To get things into orbit at the moment, you need a pretty big rocket. While companies like SpaceX are trying to bring down the cost of launching by making their rockets reusable, the technology is still too expensive for some.
Maybe, though, there’s another way. That’s what Spanish company Zero 2 Infinity is betting on, as it’s been developing a system to launch small payloads into orbit from a balloon. Earlier this month, it performed the first ever rocket launch from a stratospheric balloon.
On March 1 (details have only just been released), the company released a high-altitude balloon from a boat off the Spanish coast, with a small prototype launcher called Bloostar attached underneath. At a height of 25 kilometers (16 miles), a quarter of the way to the official boundary of space, the launcher ignited its engine and flew into the stratosphere.
A gif of the launch on March 1, 2017. Zero 2 Infinity
This prototype was small, and it re-entered the atmosphere and landed in the ocean via parachute not long after. But the company is hoping that, in the future, they can use this same technology to launch experiments and microsatellites into orbit for a small cost.
“This patented technique is less risky than any systems used until now,” Zero 2 Infinity said in a statement. “The rocket-powered phase starts already from above 95 percent of the mass of the atmosphere, getting there with no polluting emissions.”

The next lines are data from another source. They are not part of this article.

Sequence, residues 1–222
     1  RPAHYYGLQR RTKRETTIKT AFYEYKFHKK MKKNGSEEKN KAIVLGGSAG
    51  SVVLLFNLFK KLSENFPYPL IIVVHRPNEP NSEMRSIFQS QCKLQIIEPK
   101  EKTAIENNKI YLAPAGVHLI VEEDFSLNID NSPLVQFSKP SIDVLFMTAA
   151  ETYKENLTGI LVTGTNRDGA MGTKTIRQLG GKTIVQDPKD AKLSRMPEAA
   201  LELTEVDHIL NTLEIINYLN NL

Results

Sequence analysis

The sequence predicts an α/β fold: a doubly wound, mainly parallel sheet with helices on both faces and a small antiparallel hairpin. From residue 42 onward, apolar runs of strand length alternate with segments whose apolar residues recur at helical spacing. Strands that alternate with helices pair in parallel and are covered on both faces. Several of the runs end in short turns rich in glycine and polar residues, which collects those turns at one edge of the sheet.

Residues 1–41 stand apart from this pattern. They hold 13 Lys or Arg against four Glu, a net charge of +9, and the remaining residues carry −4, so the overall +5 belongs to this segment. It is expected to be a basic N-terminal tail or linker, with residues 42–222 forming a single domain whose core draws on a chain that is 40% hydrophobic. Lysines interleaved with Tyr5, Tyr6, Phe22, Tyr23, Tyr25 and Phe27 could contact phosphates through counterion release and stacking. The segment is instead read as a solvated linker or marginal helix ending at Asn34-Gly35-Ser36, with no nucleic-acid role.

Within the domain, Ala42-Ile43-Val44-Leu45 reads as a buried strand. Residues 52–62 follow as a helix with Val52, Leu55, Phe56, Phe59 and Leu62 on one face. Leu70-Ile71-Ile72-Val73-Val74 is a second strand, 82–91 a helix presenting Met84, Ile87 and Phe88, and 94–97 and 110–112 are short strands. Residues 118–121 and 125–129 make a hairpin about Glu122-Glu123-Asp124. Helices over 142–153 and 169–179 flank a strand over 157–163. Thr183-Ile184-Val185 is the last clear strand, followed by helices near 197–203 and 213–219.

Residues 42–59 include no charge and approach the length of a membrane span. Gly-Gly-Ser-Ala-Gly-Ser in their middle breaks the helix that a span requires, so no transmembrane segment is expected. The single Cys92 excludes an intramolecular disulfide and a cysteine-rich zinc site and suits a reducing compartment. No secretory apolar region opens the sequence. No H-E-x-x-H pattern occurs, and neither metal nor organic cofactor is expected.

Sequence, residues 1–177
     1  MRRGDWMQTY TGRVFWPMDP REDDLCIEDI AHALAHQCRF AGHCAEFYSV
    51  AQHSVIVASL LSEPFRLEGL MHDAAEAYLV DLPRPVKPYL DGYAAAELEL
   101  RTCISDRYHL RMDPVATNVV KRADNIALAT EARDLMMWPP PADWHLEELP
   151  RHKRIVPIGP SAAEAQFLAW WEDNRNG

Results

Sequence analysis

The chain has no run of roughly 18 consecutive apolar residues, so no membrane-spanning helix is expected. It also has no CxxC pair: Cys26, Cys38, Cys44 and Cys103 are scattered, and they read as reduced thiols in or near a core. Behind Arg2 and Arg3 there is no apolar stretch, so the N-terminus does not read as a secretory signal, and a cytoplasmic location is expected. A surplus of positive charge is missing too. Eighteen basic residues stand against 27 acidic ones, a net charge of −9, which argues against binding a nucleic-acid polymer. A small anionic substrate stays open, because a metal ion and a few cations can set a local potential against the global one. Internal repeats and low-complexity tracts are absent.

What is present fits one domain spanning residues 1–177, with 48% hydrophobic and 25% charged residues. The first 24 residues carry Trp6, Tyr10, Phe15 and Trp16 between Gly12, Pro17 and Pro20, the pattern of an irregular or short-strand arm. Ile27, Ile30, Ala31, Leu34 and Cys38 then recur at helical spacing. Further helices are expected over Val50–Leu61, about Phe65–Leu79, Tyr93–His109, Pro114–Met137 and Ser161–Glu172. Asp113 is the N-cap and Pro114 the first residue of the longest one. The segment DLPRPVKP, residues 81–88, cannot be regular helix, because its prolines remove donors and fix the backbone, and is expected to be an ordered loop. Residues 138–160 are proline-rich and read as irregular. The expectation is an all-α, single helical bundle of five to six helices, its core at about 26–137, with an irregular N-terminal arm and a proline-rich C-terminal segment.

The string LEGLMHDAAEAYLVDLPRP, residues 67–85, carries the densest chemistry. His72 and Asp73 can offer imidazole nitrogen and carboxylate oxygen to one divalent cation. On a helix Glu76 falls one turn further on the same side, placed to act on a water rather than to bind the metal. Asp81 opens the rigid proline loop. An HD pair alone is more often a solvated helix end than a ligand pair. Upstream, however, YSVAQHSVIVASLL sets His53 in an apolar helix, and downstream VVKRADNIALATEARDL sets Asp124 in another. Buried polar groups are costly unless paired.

The company’s ultimate goal for Bloostar is to create a larger version that can carry small satellites to orbit, carried in a covered nose cone at its front. It will be a three-stage vehicle, with two rings of engines igniting in sequence to get the payload to orbit. They hope to test this for the first time in 2018.
Blooster is intended to eventually take payloads into orbit. Zero 2 Infinity
Alongside Bloostar, Zero 2 Infinity is also working on Bloon, a people-carrying capsule that will also be lofted into the stratosphere by a balloon. They’ve performed several unmanned prototype tests so far, but eventually they want to take up to six people (four passengers and two pilots) on flights to an altitude of 36 kilometers (22 miles).
The ascent would take two hours, with a further two hours spent floating at this altitude, before Bloon makes its way back down via a steerable parachute. Another company, called World View Enterprises, is working on similar technology.
The test of Bloostar was impressive enough for now, though. They probably won’t be causing Elon Musk any sleepless nights any time soon, but they might just give universities and research organizations a way to send experiments and satellites into orbit for a relatively low cost (a spokesperson for the company told IFLScience they were aiming for half the price of their competitors).